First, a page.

Catching deer in the boreal forest is hard. It just isn't feasible to try to just search by snowshoe, truck, or even helicopter because of the vast tracts of wilderness and dense tree cover. But we want to fit 20 with GPS collars so we can track their movement for our cutblock project.
So, ever since we rang in 2019, we've been in the field setting up bait sites and building traps. When a hungry deer enters a trap to nibble the hay (among other delicacies), the door swings shut, locking in the deer and triggering a SMS alert sent to our phones. Or at least that was the plan. Because of the polar vortex that blasted Alberta with arctic air for two weeks, we left the traps locked open to eliminate the chance of a trapped deer freezing before we could get to it.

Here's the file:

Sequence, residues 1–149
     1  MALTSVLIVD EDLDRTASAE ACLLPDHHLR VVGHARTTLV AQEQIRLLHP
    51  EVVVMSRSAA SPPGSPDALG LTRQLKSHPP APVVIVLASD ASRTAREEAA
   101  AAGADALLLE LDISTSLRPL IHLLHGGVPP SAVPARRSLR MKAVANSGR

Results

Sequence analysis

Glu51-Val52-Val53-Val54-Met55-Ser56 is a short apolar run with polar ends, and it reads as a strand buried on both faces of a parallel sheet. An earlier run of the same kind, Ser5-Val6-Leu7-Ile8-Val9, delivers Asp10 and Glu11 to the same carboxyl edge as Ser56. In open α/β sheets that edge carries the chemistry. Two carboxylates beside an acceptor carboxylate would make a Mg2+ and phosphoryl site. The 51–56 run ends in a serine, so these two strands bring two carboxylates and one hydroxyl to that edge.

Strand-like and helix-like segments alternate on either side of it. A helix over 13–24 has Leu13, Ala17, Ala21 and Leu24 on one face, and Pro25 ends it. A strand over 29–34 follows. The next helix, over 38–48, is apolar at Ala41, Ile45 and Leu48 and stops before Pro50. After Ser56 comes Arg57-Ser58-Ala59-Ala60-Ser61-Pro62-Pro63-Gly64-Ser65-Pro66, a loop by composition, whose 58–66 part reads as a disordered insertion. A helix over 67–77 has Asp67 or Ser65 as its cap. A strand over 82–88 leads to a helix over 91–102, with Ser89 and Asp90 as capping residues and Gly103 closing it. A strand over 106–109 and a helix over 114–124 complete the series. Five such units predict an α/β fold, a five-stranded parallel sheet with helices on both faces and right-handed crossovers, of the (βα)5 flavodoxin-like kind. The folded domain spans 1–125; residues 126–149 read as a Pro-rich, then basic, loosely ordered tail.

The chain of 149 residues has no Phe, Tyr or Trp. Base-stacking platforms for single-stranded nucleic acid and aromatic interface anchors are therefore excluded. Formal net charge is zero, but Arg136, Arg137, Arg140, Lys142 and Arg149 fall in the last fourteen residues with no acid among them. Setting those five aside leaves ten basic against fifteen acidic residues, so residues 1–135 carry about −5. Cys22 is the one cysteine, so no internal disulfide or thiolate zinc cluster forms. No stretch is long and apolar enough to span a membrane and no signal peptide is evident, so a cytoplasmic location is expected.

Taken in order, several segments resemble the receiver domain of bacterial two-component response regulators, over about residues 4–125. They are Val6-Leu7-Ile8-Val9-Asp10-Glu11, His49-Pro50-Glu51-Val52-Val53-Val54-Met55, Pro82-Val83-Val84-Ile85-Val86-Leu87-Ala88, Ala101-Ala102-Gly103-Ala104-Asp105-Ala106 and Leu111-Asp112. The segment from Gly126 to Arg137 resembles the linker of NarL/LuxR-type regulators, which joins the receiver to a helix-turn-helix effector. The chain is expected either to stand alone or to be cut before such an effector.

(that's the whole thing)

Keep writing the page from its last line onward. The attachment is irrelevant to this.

Despite the general difficulty of catching deer, combined with the challenging conditions, we’ve four collars on so far and we've learned a lot that will hopefully raise our success rate for the rest of the season. We’re spending the week scouting for new sites, and hope to begin trapping again this weekend. With a little luck, we should have many more collars wandering the woods, beaming back deer data by the end of March.